This post was written by Cynthia O’Donoghue.
In its second opinion on the proposed Data Protection Regulation, the Article 29 Working Party suggests that a natural person can be considered identifiable when, within a group of persons, he or she can be distinguished from other members of the group and consequently be treated differently. They have therefore recommended that information that can lead to individuals being singled out and treated differently should be considered “personal data.” The Working Party proposes broadening the definition of “data subject” in the proposed Regulation to include not only identified or identifiable natural persons, but also those who could be singled out and treated differently.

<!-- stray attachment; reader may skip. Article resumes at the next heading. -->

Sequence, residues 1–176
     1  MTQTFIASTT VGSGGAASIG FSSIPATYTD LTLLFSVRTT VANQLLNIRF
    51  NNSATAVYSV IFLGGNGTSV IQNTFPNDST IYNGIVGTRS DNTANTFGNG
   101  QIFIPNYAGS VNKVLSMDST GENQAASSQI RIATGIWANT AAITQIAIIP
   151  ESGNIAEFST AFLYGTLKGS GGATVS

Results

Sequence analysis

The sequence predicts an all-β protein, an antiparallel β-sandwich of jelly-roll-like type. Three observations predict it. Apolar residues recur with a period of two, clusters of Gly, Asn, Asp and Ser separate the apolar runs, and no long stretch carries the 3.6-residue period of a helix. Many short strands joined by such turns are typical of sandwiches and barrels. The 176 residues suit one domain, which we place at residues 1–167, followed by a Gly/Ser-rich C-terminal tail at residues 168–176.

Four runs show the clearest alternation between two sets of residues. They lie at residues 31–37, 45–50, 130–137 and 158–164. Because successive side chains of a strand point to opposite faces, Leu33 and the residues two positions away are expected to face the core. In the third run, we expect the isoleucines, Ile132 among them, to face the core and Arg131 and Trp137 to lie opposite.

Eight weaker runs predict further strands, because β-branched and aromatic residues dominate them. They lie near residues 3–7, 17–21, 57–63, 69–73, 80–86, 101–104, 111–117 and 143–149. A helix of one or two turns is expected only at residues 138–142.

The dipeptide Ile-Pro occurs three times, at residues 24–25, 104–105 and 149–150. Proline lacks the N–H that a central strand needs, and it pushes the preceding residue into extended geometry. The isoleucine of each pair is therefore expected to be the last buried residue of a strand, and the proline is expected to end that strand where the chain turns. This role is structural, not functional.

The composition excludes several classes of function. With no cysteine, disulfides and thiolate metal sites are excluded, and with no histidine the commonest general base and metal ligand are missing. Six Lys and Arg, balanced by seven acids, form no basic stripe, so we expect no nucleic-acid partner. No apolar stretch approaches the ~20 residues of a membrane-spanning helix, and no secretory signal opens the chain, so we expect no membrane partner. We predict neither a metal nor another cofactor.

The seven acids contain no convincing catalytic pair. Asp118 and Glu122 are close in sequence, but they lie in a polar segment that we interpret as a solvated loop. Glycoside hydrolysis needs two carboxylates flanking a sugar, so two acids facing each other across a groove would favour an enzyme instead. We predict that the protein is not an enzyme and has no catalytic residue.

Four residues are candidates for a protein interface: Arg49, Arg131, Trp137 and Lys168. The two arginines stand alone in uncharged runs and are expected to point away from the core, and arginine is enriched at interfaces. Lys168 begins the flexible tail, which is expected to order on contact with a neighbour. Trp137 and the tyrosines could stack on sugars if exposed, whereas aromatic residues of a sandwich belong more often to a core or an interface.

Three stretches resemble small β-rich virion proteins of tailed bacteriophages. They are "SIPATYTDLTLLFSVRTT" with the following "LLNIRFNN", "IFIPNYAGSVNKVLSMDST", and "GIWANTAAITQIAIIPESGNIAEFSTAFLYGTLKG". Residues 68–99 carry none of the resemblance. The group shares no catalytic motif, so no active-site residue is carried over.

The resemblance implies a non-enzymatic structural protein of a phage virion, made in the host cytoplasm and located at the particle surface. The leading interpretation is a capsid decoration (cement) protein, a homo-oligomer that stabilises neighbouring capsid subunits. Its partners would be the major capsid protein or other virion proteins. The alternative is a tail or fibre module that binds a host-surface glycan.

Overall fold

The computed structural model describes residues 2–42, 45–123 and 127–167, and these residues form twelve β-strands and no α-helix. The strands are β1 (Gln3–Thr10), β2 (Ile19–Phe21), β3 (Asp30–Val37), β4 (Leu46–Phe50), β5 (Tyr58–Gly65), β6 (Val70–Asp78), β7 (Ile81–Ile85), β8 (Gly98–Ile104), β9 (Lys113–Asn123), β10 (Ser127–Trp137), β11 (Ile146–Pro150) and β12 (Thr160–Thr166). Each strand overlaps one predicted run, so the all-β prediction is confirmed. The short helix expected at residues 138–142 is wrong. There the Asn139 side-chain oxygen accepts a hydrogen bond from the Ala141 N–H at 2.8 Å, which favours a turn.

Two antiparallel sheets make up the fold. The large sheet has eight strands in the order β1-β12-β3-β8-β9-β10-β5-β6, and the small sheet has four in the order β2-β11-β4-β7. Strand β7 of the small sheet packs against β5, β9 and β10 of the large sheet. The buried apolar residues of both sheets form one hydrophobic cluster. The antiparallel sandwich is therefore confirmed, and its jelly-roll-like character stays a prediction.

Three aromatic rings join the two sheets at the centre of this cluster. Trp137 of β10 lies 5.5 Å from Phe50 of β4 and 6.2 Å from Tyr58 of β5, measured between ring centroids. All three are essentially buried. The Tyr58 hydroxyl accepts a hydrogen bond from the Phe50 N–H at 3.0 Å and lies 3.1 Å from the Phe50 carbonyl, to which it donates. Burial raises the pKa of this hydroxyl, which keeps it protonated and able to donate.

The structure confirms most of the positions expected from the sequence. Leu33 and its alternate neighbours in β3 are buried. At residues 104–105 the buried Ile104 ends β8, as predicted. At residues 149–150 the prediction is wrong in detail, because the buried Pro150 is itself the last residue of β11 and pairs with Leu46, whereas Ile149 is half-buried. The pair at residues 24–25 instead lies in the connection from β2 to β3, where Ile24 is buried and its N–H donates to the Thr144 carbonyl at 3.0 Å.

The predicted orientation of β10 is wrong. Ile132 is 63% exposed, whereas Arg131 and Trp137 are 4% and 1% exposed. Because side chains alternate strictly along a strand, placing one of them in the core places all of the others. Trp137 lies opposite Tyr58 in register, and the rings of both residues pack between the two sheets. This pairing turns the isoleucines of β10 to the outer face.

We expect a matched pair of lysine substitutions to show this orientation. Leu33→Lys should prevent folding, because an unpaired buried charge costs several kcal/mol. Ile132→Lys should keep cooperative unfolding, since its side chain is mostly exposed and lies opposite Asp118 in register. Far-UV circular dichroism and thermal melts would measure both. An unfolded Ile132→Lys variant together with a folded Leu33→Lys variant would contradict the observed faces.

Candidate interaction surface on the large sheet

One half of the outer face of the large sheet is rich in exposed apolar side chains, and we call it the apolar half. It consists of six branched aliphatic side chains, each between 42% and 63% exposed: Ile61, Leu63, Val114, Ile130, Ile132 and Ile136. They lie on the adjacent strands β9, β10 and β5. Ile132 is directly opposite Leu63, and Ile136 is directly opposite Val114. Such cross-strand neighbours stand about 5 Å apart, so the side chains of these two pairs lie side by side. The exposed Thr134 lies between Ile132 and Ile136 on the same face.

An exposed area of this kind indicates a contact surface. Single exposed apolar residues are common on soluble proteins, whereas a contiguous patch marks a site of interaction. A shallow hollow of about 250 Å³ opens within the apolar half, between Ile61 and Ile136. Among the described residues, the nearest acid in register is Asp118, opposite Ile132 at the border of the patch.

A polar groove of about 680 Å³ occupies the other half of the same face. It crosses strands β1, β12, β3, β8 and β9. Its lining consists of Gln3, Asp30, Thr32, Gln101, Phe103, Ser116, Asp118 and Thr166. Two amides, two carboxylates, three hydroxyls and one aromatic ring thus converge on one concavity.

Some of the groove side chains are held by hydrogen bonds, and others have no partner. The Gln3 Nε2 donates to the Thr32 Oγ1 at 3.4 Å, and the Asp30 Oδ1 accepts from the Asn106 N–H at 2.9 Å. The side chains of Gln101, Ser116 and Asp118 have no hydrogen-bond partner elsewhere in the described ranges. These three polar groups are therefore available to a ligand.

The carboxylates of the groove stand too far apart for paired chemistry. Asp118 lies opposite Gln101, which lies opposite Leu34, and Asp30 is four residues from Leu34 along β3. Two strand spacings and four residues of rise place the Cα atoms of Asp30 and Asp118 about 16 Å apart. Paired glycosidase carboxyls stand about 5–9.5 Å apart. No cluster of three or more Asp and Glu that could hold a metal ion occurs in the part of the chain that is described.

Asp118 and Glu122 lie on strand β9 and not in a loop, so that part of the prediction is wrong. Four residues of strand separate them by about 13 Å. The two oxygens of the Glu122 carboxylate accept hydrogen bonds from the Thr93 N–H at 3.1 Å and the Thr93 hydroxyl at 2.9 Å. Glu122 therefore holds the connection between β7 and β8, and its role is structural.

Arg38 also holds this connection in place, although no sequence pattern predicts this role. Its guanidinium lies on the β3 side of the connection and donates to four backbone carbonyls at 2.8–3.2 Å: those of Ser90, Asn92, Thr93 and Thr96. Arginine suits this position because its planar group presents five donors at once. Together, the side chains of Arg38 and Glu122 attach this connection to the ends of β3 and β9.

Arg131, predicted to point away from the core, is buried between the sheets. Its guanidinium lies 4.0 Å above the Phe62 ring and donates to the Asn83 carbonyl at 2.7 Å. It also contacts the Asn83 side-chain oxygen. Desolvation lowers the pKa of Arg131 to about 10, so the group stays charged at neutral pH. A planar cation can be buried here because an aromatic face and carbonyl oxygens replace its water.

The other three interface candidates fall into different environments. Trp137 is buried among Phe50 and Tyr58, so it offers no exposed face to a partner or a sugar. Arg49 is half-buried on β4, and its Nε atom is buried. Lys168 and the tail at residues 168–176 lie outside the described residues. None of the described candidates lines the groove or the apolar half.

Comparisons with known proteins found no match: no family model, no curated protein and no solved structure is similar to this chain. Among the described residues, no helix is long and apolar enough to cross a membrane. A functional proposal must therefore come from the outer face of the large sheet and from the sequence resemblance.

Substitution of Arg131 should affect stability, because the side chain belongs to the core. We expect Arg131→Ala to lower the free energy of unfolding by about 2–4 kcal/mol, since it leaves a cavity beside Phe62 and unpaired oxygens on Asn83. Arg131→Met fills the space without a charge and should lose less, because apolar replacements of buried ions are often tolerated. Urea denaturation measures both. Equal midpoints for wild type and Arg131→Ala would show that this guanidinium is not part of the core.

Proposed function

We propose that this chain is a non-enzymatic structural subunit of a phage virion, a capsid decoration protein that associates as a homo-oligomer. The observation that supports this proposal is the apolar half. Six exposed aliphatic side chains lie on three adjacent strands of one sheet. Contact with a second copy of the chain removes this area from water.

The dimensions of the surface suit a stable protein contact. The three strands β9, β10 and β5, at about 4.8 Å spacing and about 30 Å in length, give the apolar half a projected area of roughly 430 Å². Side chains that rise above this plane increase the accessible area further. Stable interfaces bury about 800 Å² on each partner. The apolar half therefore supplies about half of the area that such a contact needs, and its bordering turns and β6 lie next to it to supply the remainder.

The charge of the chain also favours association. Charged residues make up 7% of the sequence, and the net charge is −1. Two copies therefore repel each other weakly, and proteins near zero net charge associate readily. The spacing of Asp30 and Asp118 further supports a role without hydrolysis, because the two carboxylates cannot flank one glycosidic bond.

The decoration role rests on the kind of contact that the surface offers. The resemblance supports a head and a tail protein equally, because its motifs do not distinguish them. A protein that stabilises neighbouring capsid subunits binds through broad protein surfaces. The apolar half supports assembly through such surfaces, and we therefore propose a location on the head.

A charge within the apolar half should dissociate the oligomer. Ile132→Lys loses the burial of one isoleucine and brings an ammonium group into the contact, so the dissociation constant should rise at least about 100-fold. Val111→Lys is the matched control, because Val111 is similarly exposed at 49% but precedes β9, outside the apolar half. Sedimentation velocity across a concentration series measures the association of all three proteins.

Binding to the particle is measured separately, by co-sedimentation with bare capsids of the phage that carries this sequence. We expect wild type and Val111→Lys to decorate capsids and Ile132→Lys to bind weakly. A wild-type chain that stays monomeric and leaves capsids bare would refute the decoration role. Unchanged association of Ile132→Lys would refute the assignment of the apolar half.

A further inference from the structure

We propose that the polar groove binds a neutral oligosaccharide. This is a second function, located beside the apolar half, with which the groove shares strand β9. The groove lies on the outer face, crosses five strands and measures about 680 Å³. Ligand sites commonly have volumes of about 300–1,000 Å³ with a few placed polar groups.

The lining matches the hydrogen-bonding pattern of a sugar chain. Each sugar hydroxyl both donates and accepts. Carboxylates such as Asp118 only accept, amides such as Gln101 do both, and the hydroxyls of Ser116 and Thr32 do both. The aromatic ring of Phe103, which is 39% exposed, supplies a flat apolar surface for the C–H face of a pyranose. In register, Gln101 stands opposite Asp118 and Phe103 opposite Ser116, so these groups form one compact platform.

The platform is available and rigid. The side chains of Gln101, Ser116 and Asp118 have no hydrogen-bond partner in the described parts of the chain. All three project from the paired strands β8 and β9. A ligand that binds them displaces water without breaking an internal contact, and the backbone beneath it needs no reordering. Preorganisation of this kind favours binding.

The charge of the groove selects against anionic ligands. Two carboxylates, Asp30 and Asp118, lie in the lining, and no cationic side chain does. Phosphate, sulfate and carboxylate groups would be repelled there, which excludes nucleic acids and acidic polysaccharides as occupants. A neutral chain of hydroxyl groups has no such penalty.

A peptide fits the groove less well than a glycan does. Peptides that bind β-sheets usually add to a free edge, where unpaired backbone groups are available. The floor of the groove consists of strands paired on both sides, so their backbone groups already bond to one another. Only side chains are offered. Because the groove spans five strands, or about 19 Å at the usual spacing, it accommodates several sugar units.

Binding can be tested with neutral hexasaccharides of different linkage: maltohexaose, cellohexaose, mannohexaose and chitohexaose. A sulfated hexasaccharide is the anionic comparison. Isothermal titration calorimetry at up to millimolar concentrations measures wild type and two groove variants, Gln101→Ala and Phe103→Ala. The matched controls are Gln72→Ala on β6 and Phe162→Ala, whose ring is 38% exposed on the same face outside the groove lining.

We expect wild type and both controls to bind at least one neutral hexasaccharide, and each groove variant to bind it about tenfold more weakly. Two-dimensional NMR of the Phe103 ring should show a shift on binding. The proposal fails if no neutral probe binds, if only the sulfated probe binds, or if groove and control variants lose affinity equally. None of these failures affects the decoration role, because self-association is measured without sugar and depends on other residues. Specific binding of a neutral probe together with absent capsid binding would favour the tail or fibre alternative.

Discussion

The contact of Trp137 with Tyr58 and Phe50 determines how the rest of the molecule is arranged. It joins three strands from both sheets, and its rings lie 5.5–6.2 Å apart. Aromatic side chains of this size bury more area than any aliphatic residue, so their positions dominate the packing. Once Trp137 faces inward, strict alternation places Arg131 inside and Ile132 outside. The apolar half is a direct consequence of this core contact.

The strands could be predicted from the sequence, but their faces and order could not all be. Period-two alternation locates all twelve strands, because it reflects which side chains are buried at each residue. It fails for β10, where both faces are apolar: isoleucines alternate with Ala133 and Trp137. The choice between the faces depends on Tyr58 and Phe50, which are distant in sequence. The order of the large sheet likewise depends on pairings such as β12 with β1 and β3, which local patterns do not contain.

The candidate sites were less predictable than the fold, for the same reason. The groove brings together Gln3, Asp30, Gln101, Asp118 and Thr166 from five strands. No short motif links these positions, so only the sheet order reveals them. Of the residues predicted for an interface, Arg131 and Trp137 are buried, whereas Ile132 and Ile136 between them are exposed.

The Working Party also suggested that organisations should have to treat “cookie identifiers” and “IP addresses” as personal data. This would be accomplished by altering recital 24 which, although not legally binding, provides additional detail on what is to be meant by the definition of personal data.
The Working Party has also defended the "new and positive elements" drafted into the proposed Regulation on rules around consent. Responding to criticism that it might be impractical to always obtain explicit consent, the Working Party supports broad requirements to explicit consent as "necessary to truly enable data subjects to exercise their rights".
The Working Party raised a concern relating to the delegated acts of the European Commission without seeking approval from the Working Party’s successor body, the European Data Protection Board. This concern is shared by the wider data protection community, as the EDPB will be much closer to issues at a national level and be in a position to recommend outcomes.